If there is not room on the clothes line for all the diapers in one row, you can pin a second row to the bottom of the higher up row, and so on until they are all flapping in the breeze.

I guess if washing diapers doesn't seem normal, then the best suggestion I can give is to get over the big aversion to baby poop.  (breast fed only babies have very inoffensive poop, kind of sticky, kind of an orange color, but it doesn't smell particularly awful).  Once they start eating other foods then sure it stinks, but so what.  Hands can easily be deodorized with mint essential oil in the soap (Dr Bronners would work if you don't have access to good mild hand made pure soap with essential oils.)  I would say baking soda, and it would work but it is drying to the skin.  If you are going to make a baking soda hand cleaning concoction, put oil like grape seed or olive oil in a jar with baking soda and a drop or two of essential oil use as you would an exfoliating scrub and rinse thoroughly.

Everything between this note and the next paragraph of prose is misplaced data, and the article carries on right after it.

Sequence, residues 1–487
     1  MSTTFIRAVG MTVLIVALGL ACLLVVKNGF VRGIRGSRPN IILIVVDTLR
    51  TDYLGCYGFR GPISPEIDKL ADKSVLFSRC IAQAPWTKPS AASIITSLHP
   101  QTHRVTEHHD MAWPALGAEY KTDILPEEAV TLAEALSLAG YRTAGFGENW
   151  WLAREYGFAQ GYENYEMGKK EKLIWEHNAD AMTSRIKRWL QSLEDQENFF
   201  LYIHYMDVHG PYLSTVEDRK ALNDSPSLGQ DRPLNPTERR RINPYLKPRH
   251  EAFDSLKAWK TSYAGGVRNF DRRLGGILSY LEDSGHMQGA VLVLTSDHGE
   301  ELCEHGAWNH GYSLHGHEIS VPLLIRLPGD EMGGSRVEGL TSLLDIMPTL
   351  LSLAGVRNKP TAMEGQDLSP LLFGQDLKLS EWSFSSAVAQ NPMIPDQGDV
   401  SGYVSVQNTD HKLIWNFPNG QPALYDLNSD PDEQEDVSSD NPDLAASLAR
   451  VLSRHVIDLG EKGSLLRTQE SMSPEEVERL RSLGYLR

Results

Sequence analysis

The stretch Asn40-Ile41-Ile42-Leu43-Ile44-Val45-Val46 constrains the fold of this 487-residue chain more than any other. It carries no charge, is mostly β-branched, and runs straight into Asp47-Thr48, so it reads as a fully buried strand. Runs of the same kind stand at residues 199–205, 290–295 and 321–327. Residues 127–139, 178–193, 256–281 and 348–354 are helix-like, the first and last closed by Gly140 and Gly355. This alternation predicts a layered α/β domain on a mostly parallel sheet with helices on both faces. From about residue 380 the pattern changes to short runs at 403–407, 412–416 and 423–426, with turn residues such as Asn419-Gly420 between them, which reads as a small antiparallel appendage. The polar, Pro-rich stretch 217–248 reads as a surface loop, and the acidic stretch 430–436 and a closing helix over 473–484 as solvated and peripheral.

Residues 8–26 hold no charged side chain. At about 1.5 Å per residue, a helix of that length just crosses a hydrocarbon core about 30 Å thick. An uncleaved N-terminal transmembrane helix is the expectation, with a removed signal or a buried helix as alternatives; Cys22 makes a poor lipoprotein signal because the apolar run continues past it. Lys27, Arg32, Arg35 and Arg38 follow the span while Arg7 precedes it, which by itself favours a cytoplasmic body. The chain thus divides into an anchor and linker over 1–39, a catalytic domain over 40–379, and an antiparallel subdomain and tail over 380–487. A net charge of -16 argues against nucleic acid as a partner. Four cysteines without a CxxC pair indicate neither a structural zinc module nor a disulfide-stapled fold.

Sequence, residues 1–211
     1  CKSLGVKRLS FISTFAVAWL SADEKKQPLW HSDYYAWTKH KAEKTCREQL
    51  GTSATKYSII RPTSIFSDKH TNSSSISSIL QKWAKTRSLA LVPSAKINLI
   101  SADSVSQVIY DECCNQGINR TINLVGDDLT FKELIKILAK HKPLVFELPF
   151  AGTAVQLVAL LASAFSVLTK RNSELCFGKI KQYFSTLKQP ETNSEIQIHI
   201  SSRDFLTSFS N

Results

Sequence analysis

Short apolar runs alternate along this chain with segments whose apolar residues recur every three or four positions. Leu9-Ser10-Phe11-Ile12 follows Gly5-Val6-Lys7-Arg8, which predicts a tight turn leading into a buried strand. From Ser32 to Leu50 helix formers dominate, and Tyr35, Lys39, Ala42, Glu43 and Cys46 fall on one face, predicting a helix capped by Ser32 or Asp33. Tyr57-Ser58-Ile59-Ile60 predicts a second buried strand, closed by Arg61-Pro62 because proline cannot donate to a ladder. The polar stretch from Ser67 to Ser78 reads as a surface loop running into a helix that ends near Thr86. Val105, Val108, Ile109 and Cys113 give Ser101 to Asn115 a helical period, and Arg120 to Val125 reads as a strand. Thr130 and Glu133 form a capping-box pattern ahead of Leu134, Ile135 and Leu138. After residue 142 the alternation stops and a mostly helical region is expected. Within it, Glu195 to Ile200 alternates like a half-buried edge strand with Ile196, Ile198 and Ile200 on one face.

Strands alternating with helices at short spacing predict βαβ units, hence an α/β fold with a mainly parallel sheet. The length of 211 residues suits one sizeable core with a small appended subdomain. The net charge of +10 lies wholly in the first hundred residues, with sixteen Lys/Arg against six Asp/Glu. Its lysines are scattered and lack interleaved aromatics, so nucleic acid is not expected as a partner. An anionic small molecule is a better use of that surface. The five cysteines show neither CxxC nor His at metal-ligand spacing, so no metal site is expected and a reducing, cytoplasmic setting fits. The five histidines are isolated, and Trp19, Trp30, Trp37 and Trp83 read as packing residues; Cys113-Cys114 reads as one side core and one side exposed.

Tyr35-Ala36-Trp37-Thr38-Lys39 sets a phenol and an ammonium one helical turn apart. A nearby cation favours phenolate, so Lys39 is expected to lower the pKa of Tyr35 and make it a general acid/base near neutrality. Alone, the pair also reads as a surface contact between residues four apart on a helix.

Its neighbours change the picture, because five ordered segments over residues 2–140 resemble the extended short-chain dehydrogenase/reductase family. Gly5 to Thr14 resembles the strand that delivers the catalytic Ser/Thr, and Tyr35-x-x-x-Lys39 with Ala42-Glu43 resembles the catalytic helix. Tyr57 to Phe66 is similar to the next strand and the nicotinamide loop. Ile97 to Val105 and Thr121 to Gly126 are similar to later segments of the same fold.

I guess if there is interest there could be a whole thread on non disposable diaper systems and lore.  In the 80s it was a difficult thing to find wool diaper covers.  People were using plastic pants which kind of made a hot house effect and gave my babies rashes.  Wool coverings let them breathe, fewer rashes, the urine did not turn to ammonia inside the wool soakers.  There are all kinds of new fangled diaper systems pin less and I don't know what else.


 
Posts: 117
Location: Newfoundland, Canada
solar woodworking